In theory you can take the Ram off road, where its size should tell against it. No doubt its towing and off-road aspirations are responsible for the separate chassis set-up, but that rugged construction, its larger-than-Texas dimensions and its American persona meant we’d half expected it’d feel like a Yank caricature – too big for New Zealand, too flabby for our tighter and bumpier roads; a vehicle designed for a different country and entirely different standards. It’s equally safe to say that by the time we returned it, we were largely converted. Yes, it’s undoubtedly big, but this Ram is impressively easy to drive, and park. You first must find a space into which it’ll fit, but given mirrors reminiscent of a truck’s, an efficient reversing camera and park warnings at the front, rear and corners, you’re left in no doubt where the edges of your vehicle sit. The engine that’s so grunty at speed is a lazily growling smoocher when it comes to slow manoeuvres. And its ability to swallow New Zealand’s rural road lumps and bumps was impressive. Most unladen utes (our standard load wouldn’t fit with this ribbed and lockable tonneau, though that is removable for those able to store it when not in use) bounce and jiggle – not the Ram. You feel the bigger lumps and bumps, but they are signalled, rather than slammed at you, and it even cruised over speed humps without slowing and without fuss, so compliant are the mighty suspenders.

As for room, there’s loads of it. The centre cubby separating front driver and passenger could just about seat five for dining, so it doesn’t matter that the two gloveboxes are out of reach of any driver of a normal height. As for the rear, even the gangliest teen – or work crew – could fit back there, relaxing with their heated seats, their own air vents, and with their phones plugged into the 12V socket to charge. Specification includes heated and cooled front seats, heated rears and even a heated steering wheel for those wet or snowy winter days. The seats are wrapped in leather, the carpet is deep and thick, and the features list is as long as the load tray. The Ram does field a few quirks – not least the fact that gearbox selection is accessed via a large dial, easy to access even while wearing gloves – and a few unexpected bonuses. For example, given its size that tailgate is easy to lower and lift. Perhaps the most impressive bit might be undervalued on the spec sheet, until you trial it. That load divider out back is the easiest to use we’ve ever met. Simply unfold the rear sections to pop it out of the tray liner grooves, shift – it’s light – and refold, then lock into place with a flick of the wrist, and you’re done. A 10-year-old stripling could do it as easily. Given an official importer, buyers now get a factory backed three-year/100,000km warranty, and parts and accessories delivered from a local warehouse, rather than taking months from overseas.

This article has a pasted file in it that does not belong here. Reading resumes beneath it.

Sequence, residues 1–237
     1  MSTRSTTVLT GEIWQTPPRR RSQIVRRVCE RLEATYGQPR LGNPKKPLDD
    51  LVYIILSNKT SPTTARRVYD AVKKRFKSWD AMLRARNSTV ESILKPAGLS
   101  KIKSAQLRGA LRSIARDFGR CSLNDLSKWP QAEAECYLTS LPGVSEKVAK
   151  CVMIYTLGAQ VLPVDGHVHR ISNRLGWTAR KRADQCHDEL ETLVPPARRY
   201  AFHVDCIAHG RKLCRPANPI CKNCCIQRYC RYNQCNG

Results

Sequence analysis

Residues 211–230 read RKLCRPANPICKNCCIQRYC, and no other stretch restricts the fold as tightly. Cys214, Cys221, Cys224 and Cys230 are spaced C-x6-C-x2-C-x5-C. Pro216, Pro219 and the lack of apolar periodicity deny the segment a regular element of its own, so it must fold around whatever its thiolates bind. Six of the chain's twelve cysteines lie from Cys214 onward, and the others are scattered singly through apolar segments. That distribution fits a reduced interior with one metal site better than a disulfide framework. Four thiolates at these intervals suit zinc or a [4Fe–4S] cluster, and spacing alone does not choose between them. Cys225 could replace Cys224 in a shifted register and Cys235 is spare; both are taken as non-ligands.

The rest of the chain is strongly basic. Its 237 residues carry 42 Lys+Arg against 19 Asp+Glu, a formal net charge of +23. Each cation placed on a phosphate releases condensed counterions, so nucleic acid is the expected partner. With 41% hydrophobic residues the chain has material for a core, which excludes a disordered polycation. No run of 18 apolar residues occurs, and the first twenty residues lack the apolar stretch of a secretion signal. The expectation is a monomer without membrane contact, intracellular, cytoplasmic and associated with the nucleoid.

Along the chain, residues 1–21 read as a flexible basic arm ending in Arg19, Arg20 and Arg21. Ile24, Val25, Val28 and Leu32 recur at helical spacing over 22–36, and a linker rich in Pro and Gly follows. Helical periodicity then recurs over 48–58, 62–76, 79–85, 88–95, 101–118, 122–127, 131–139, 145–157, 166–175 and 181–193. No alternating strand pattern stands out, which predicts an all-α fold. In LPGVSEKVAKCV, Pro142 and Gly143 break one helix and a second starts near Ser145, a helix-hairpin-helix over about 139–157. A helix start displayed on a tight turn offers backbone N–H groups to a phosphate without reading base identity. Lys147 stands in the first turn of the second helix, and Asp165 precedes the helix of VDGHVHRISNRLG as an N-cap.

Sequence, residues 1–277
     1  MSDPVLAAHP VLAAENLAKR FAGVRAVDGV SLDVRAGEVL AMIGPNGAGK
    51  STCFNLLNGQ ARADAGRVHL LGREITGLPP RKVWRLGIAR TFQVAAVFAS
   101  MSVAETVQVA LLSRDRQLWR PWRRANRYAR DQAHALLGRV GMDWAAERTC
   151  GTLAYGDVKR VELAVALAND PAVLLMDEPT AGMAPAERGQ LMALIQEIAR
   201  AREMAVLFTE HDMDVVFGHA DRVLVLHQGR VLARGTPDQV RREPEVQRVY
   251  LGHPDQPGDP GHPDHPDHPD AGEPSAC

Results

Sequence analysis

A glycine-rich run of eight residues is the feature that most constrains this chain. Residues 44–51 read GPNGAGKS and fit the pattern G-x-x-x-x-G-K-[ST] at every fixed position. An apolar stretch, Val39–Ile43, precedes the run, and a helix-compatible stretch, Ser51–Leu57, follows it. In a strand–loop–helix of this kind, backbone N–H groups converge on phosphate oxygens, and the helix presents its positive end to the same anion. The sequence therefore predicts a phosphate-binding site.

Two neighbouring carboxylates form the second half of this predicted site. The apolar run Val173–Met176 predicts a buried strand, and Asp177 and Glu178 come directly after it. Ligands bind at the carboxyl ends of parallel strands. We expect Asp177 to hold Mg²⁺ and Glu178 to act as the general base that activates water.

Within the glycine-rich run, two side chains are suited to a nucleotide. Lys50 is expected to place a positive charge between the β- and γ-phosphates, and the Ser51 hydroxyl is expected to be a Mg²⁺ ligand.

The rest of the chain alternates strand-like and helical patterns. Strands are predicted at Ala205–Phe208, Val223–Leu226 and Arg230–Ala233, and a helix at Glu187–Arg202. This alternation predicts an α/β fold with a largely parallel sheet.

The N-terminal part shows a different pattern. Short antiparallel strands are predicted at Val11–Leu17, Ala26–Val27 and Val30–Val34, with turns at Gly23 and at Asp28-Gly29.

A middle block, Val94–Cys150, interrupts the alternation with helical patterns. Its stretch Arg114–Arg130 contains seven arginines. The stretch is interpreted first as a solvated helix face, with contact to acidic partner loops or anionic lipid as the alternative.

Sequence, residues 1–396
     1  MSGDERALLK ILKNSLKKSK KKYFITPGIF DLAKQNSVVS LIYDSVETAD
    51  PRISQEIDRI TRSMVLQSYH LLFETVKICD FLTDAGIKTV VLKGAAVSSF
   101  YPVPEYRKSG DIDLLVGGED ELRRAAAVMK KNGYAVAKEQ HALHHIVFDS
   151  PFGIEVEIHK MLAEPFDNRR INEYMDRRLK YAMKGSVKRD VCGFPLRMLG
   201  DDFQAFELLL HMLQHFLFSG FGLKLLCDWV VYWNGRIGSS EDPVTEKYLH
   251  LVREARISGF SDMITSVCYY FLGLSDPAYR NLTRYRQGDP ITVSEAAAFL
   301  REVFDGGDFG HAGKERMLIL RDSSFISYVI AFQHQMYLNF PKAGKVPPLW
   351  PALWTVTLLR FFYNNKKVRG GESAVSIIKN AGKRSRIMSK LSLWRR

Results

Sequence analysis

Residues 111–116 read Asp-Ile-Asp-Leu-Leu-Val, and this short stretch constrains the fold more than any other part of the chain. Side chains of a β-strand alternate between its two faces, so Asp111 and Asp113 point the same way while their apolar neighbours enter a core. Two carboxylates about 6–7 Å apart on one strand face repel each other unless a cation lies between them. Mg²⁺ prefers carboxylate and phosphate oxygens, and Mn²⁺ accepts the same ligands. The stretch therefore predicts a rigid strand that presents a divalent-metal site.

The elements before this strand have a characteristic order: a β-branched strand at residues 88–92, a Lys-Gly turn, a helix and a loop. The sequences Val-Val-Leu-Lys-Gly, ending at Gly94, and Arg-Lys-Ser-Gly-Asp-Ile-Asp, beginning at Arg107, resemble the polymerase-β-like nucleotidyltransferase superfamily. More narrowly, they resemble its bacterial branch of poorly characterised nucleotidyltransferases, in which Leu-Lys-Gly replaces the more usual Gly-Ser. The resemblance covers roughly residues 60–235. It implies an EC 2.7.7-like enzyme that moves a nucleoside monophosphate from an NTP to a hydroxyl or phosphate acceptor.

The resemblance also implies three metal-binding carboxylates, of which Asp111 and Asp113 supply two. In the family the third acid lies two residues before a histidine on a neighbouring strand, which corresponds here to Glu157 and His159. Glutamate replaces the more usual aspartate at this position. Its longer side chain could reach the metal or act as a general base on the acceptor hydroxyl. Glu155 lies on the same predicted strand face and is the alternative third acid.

Photo: Everything well laid out, and can be used with gloves on. Photo: Yes, the cabin’s as wide as it feels, but controls are large, well within reach and easy to use.


Overall, the Ram both grew, and shrank on us. Shrank, because the more you drove it, the easier it was to forget how large it was, and grew because its larger-than-life persona, compliant ride, spacious cabin, the array of handy features and the knowledge we could have towed a decent boat or a trailerload of carthorses soon endeared it to us in a way vehicles of more sensible dimensions rarely do.